Indexed on: 08 Aug '06Published on: 08 Aug '06Published in: Biotechnology Journal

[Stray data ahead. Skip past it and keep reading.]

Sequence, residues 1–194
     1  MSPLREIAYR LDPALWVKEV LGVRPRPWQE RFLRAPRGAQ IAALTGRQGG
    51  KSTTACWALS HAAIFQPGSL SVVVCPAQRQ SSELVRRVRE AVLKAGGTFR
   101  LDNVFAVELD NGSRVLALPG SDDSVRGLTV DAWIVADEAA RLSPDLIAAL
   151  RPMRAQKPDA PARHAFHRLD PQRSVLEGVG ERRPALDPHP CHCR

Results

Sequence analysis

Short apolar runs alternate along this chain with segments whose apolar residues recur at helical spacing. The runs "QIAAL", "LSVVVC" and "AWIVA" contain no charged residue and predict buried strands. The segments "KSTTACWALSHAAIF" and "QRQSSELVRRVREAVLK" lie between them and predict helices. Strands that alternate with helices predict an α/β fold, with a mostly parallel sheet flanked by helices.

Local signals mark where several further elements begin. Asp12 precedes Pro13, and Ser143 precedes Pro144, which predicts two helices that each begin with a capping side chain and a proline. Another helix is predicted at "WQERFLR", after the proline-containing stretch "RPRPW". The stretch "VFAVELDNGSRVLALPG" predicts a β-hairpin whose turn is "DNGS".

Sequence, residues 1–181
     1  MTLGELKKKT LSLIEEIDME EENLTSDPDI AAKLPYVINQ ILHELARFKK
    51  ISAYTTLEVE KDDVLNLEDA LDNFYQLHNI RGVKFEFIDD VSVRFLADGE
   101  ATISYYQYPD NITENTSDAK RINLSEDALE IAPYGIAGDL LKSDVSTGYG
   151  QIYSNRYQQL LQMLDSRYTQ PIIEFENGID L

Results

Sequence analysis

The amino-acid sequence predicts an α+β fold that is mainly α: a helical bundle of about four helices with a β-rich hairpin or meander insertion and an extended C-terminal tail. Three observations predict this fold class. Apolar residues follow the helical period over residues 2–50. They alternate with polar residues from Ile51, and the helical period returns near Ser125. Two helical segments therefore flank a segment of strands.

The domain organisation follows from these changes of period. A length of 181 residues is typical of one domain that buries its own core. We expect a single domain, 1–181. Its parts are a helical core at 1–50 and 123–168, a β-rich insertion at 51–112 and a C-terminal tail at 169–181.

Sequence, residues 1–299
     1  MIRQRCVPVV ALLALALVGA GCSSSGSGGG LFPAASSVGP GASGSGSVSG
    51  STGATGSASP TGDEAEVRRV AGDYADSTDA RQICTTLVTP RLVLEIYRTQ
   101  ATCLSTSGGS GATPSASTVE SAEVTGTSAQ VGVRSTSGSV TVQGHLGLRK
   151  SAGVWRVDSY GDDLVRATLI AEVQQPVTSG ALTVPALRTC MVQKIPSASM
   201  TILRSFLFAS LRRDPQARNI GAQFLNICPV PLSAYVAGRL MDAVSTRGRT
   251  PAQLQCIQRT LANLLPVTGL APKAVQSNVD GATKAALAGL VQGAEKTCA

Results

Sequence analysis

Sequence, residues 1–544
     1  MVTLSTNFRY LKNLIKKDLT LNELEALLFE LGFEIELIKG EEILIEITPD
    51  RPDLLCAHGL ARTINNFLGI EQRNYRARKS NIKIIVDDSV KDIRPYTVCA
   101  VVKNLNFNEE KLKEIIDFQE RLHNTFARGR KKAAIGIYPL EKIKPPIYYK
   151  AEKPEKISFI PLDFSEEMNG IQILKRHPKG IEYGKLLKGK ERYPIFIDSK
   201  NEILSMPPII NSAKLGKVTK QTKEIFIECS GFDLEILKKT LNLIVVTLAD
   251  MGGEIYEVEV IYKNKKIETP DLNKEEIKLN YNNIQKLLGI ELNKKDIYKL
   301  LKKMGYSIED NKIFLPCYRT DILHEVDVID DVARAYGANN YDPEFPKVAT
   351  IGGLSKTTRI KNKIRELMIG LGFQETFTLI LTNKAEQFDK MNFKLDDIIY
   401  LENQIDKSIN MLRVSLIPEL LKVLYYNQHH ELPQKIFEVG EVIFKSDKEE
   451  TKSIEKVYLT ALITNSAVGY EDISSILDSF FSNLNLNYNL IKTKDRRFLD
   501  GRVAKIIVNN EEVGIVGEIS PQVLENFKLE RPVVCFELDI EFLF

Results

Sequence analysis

Dicarboxylic acids (DCAs) can be obtained by oxidizing alkanes by Candida tropicalis. Through alpha-monocarboxylic acids (MCAs), alpha- and omega-oxidation yield alpha- or omega-DCAs, respectively. However, both MCAs and DCAs may be degraded to acetyl-CoA by beta-oxidation, resulting in a limited DCA yield. Acetyl-CoA can be transported into the mitochondrion for the TCA cycle by carnitine acetyltransferase (CAT), by which the energy generation and beta-oxidation are connected. In this paper, we present a method to reconstruct the metabolic pathway by inhibiting the acetyl-CoA transportation system. Metabolic engineering is applied on the acetyl-CoA transportation system, but not the key enzymes in beta-oxidation. Starting with the original strain W10-1, cat heterozygote CZ-15 and cat homozygote CKC-11 were obtained by gene knockout. The CAT specific activity in CZ-15 was about 50% lower than that in W10-1, resulting in a 21.0% increase of the DCA concentration, and a 12% increase of the molar conversion of alkane, reaching 61.6%. However, no CAT activity was detected in CKC-11, and CKC-11 could not grow on alkane. These results indicate that inhibition of beta-oxidation via reconstruction of the transportation process between organelles can facilitate DCA production, but that totally blocking the & betagr;-oxidation would be harmful for energy supply. We thus provide a novel insight into regulation of the beta-oxidation system and metabolic flux. Further understanding of beta-oxidation and the acetyl-CoA transportation system in Candida tropicalis is reached through examination of fermentation data by metabolic flux analysis.